Skip to main content
EDUCATION with Student News

Quick Guide & Transcript: 9/11 anniversary, Hurricane Katrina


• Rebuilding: Vital signs
• Gallery: Landmarks over time
• Storm & Flood: Making history
• I-Report: Share your photos

(CNN Student News) -- September 12, 2005

Quick Guide

9/11 Anniversary - Remember a tragedy that affected millions of lives four years ago.

Project Backpack - Meet a group of students who are helping hurricane victims by packing more than books into backpacks.

Roberts Hearings - Find out what factors in to the confirmation process for a Supreme Court nominee.



JUDY FORTIN, CNN STUDENT NEWS ANCHOR: Thanks for kicking off your school week with CNN Student News! I'm Judy Fortin. In the midst of one tragedy the nation pauses to remember another that claimed thousands of lives, four years ago. In the spirit of goodwill, a trio of sisters, packs a few thousand bags with provisions for function and fun. And in a working example of advice and consent, The senate takes up the possibility of appointing Judge John Roberts, to the highest seat in the nations highest court.

First Up: 9/11 Anniversary

FORTIN: Flowers were laid, prayers were said, and tributes were made across the country yesterday to the 2,749 people killed in the September 11th terrorist attacks. Most of the victims died when two planes crashed into the towers of the world trade center and they collapsed four years ago; Others were killed in the attack on the Pentagon or died aboard a jet that crashed in rural Pennsylvania. Tim Rury has more on how the nation marked the somber anniversary amid the efforts to deal with a new national tragedy.


TIM RURY, CNN REPORTER: Head bowed... President Bush, Vice President Cheney and their wives stood silent at the White House remembering the devastation befallen on the United States four years ago.

This anniversary, when Americans are facing the aftermath of hurricane Katrina, the sense of unity in the face of disaster has again resurfaced.

MAYOR MICHAEL BLOOMBERG, NEW YORK CITY: We are reminded that there are ties between all men and women, that we are all linked to one another in our common humanity, that in a fundamental way, we are all brothers and sisters. To Americans suffering in the aftermath of Hurricane Katrina our deepest sympathies go out to you this today.

RURY: Bells tolled and four moments of silence observed. Brothers and sisters of those who perished on 9/11 read the list of names; one by one.

CHRIS BURKE, LOST BROTHER AT WORLD TRADE CENTER: Love you, and I'll see you just a little further down the road. If it's a boy in December we're taking your name... we love and miss you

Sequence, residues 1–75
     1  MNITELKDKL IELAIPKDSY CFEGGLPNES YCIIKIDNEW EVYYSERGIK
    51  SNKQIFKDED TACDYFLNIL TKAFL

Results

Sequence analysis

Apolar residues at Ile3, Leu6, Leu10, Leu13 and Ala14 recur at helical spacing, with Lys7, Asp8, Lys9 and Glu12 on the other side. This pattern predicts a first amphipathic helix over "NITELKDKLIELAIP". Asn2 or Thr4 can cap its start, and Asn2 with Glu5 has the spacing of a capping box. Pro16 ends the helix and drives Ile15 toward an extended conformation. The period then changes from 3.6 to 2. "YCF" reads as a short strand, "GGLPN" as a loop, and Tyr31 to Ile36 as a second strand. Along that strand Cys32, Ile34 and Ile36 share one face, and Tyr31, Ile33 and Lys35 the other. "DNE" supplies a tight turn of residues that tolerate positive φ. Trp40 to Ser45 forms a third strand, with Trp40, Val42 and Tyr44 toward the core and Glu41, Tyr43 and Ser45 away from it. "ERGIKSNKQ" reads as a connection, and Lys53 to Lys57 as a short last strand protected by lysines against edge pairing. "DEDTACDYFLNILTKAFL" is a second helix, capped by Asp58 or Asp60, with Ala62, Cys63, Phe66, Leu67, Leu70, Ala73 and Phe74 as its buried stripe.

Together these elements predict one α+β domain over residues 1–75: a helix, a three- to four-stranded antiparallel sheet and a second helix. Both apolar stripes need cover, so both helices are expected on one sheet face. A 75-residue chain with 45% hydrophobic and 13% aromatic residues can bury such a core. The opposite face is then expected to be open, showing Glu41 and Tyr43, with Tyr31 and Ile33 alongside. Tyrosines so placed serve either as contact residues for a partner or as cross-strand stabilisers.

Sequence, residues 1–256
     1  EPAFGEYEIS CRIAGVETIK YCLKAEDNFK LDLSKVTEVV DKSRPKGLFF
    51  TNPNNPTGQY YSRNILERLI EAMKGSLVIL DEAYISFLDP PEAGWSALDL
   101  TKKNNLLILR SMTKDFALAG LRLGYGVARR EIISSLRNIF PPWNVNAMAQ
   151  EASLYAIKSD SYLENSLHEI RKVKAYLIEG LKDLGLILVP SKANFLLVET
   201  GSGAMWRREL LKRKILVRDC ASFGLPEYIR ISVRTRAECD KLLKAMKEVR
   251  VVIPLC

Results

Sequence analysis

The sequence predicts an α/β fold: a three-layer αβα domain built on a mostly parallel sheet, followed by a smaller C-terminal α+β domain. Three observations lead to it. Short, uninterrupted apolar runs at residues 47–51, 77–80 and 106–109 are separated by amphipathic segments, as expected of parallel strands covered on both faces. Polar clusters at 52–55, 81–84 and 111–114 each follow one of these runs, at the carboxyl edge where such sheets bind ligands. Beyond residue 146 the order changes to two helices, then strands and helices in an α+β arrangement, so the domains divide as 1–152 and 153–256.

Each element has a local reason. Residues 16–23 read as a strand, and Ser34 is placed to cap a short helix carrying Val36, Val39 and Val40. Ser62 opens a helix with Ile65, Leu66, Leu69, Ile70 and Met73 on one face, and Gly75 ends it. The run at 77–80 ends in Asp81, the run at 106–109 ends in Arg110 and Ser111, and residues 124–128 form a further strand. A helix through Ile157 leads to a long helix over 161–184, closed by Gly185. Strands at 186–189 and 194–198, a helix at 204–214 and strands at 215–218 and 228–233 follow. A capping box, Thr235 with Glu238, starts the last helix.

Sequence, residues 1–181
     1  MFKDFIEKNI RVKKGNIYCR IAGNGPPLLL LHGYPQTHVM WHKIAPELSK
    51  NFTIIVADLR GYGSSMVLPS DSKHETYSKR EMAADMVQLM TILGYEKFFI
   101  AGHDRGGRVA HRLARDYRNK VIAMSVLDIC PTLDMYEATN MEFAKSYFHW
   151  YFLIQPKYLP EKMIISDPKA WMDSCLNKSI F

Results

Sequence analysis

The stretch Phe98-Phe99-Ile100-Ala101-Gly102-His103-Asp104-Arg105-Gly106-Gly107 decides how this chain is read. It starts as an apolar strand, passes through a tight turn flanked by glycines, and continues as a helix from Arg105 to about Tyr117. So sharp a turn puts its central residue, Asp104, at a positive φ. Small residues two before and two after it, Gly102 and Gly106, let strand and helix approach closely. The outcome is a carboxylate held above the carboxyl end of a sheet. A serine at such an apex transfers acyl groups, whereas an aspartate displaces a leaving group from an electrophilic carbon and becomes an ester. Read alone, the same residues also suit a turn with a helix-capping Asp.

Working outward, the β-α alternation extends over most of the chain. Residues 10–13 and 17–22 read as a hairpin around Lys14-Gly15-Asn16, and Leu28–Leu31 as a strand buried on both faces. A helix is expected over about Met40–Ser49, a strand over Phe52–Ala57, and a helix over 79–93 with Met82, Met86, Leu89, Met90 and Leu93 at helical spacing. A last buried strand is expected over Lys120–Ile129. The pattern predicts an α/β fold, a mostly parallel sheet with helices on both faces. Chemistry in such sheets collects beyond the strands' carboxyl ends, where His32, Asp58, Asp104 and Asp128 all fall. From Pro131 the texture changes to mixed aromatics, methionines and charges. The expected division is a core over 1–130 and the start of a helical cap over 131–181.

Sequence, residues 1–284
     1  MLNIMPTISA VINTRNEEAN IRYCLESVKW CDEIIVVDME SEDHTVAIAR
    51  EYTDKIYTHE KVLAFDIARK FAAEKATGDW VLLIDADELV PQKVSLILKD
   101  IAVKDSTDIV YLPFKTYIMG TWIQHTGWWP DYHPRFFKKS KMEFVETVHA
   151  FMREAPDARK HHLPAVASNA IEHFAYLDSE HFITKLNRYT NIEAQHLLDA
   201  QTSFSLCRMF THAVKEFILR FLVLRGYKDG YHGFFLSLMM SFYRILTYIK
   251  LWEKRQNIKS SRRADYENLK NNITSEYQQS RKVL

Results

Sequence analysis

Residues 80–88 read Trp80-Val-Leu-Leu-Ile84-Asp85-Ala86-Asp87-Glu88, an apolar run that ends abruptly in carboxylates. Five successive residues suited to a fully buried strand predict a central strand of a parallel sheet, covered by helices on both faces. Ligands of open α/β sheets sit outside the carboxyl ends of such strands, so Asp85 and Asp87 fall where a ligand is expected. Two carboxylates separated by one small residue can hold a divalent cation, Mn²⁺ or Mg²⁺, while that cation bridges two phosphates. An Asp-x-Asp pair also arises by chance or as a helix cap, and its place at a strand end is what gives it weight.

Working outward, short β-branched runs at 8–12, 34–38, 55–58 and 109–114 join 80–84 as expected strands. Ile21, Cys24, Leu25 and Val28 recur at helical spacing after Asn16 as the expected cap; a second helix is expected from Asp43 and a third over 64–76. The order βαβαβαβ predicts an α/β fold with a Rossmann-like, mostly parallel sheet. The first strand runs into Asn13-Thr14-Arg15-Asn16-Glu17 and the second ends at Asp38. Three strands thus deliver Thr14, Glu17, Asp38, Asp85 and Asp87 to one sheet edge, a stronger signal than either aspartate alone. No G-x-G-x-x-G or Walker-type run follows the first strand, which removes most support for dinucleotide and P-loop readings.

RURY: From the reflecting pool at ground zero to Arlington National Cemetery, Defense Secretary Donald Rumsfeld and Gen. Richard Myers honored lives lost at the Pentagon and echoed the military's mantra that "failure is not an option."

And in a field in Shanksville, Pennsylvania, passengers and crew of flight 93 were remembered as heroes like their counterparts in New York and Washington. Tim Rury, reporting from Atlanta.


Fast Facts

AZUZ: Time for some Fast Facts!

  • Arlington National Cemetery was established in 1864.
  • More then 300,000 people are buried there, from veterans of every U.S. war to former slaves to astronauts.
  • An average of 28 funerals take place there per day.
  • Its Tomb of the Unknowns houses the remains of soldiers from World Wars I and II and the Korean Conflict.
  • Promo

    FORTIN: Those buried at Arlington played an important role in the shaping of a nation. And taking a deeper look at some of U.S. history's most significant events, is what today's learning activity is all about. Find it for free at!

    Katrina Update

    FORTIN: As of last night, 40 percent of New Orleans remained under water, down from 80 percent in the days that followed Hurricane Katrina. Drying out the city is the main priority of Vice Admiral Thad Allen, who recently took over the job of overseeing relief efforts. FEMA Director Michael Brown was called back to Washington on Thursday night. Meanwhile, two-thousand-dollar debit cards were handed out to evacuees staying in shelters in Texas; other families will receive the money through mailing addresses or bank accounts.

    Project Backpack

    FORTIN: Thousands of hurricane victims your age are getting a sack-full of help from three sisters in Maryland. The oldest of the girls, who's 14, decided that packing a bag full of needed and wanted supplies, would carry a special kind of assistance to kids who need it. Here's Gary Nurenberg with a story of student-driven charity.


    MELISSA KANTOR, PROJECT BACKPACK: Do we have any books for like, kids?

    JENNA KANTOR, PROJECT BACKPACK: What are you doing?

    JACKIE KANTOR, PROJECT BACKPACK: I'm going to have a problem getting back in there.

    MELISSA KANTOR: Here's two to five unisex, right here

    JACKIE KANTOR: I have a lunch box

    GARY NURENBERG, CNN REPORTER: This is project backpack. It started with three sisters trying to decide what they could do to help kids displaced by Katrina.

    MELISSA KANTOR: I would want something to comfort me and something to make me feel better.

    JACKIE KANTOR: I've got Barbie dolls.

    JENNA KANTOR: We wanted them to have something with them that they know is theirs and that they can carry around

    NURENBERG: So they made an appeal on three school listservs for backpacks, supplies, and volunteers.

    JACKIE KANTOR: And from there people just sent it to their churches, their synagogues. Someone sent it to the Australian embassy. I mean it was just ridiculous how far it went and by that time we started getting volunteers.

    KANTOR: Want to take some more of this stuff for the older children in?

    NURENBERG: Lots of volunteers and a mountain of backpacks--stacked in corners, sliding on floors, filling buckets flying through the air

    KANTOR: They're desperate please come and help!